Keener celebrates centennial and a lifetime of helping others

By on February 27, 2019


Mary Keener, of Fairmount Homes in Ephrata, recently celebrated her 100th birthday on Feb. 25.  Photo by Emily Jacoby

Mary Keener, of Fairmount Homes in Ephrata, recently celebrated her 100th birthday on Feb. 25. Photo by Emily Jacoby


Fairmount Homes resident Mary Keener celebrated her 100th birthday on Monday, Feb. 25, and she continues to spend her time doing what she does best — helping others.

Achieving a centennial birthday is a feat in itself, but a knack for always staying busy and continuing to volunteer helps her “live one day at a time,” according to Keener.

Growing up in the Baumgardner area near Willow Street, she often assisted her neighbors by doing dishes or mowing their lawns.

At 16 years old, Keener finally started to get paid for her labor, and by 18, she was earning $3 per week, helping to dress turkeys, or perform any other tasks that needed to be done on the dairy farm where she worked until she was 25.

In 1944, Keener married Lester Keener and had five children — four girls and one boy. Together, the couple spent many years volunteering at Black Rock Retreat in Quarryville, the Solanco Fair and Camp Andrews in Holtwood.

They also spent time working with Habitat for Humanity in John’s Island, S.C., in 1985-86, where the Keeners helped with cleaning and repairing houses for the locals in the area.

“Lester wanted to go somewhere that wasn’t too hot or too cold, so they sent us to South Carolina and it was almost 100 degrees,” said Keener. “It was mostly black people where we were, and they would dress up because they knew you were there to help…although we only did what needed to be done, since there wasn’t much money for big repairs.”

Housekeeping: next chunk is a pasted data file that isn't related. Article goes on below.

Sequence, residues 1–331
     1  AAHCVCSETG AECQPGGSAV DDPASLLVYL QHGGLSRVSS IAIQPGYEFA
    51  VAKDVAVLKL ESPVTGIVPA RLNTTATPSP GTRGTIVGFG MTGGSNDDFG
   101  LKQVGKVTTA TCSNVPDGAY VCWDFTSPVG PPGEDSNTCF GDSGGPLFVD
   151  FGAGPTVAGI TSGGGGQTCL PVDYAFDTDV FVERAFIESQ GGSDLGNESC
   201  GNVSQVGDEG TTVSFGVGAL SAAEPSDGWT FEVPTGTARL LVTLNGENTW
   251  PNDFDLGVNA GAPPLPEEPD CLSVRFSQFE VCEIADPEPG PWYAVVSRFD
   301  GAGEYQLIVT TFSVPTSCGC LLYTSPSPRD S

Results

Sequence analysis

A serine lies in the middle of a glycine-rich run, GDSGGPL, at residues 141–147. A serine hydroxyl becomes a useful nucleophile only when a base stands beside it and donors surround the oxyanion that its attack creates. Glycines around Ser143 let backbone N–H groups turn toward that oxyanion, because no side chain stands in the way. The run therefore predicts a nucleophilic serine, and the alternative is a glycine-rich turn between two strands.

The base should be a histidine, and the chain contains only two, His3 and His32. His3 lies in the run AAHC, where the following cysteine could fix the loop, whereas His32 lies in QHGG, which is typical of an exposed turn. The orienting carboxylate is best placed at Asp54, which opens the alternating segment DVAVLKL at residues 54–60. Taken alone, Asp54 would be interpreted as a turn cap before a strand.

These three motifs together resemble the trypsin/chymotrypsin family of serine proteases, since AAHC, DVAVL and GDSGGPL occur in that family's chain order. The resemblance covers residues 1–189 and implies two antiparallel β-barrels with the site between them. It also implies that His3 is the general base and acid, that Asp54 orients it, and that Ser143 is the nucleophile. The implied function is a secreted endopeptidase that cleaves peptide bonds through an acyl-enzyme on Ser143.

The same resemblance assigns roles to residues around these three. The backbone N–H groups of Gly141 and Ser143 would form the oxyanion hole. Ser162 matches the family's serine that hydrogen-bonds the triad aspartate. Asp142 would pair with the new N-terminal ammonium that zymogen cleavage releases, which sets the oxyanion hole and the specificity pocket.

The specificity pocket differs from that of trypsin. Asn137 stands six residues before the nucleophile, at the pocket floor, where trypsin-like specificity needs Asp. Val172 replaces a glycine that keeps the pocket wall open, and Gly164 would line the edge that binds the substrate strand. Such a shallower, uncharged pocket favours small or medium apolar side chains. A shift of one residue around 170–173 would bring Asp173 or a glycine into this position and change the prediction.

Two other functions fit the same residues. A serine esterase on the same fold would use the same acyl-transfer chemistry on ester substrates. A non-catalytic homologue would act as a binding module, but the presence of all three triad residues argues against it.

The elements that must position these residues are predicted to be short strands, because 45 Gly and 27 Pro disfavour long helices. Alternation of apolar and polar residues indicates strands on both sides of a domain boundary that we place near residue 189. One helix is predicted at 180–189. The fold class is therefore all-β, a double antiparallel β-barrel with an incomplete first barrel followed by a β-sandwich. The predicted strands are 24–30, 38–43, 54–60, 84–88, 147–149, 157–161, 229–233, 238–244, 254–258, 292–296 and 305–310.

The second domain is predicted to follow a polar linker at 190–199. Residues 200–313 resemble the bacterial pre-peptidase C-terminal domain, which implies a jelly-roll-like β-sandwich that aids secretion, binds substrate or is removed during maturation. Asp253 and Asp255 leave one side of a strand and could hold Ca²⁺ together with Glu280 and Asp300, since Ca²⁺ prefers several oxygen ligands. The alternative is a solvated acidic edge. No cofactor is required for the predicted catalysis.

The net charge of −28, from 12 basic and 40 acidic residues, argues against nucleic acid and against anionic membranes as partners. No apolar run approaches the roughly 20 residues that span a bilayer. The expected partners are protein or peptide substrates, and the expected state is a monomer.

When volunteering in South Carolina, they were told which house they needed to go to, with most of the homes being low income and without basements, since they were located right by the water, which often brought bugs to the area.

“They had to spray bugs twice a week,” said Keener. “There would always be people out spraying bugs at 4 a.m.”

While volunteering with the Solanco Fair, Keener often worked in the kitchen helping to make pot pie for the fair attendees.

“There were four people and 10 burners for cooking, but when I couldn’t reach the large kettles on the back of the stove anymore, I started measuring the ingredients for the pot pie on Wednesdays. I also washed kettles.”

Once her husband officially retired from Herr’s in Nottingham after 12 years, he also began to help in the kitchen at the fair; and in 2003, Keener and her husband were named Grand Marshals of the Solanco Fair Parade, where they had the opportunity to lead the parade while riding in a horse-drawn carriage.

The years never seemed to slow Keener down one bit as she continued to volunteer for the Solanco Fair by putting up corn during the summer, which would later be frozen until it was needed during fair week.

At 91, Keener traveled to Louisiana with the Mennonite Disaster Service as part of a group from Fairmount Homes, in order to help with the cleanup from hurricanes Ike, Rita and Gustav.

Although she didn’t help rebuilt any houses, Keener volunteered her time in Louisiana by completing chores in the kitchen, and baking.

Due to her help in assisting the hurricane victims and other volunteer work, Keener later earned a Lancaster New Era Red Rose Award in 2010.

“I just like to help,” said Keener.

Since 2006, Keener has resided at Fairmount and continues to lend a hand however possible. She often helps sort and bag candy for bingo prizes, and put out chips. Keener also spent many years sewing school bags for the Mennonite Central Committee (MCC), creating school kits to send to children in other countries.

When Keener isn’t volunteering, she often enjoys working on puzzles in her room; and according to Keener, sometimes members of the Fairmount staff help her complete them.

“I sleep some of the time,” she said.

Now, at 100, Keener simply wants to keep helping others. Although, she seems to have some traveling in mind before she turns 101.

“I’d like to go to Switzerland,” she said. “I want to see the sheep on the hill, and the trains.”

Emily Jacoby is a staff writer for the Ephrata Review.



Leave a Reply

Your email address will not be published. Required fields are marked *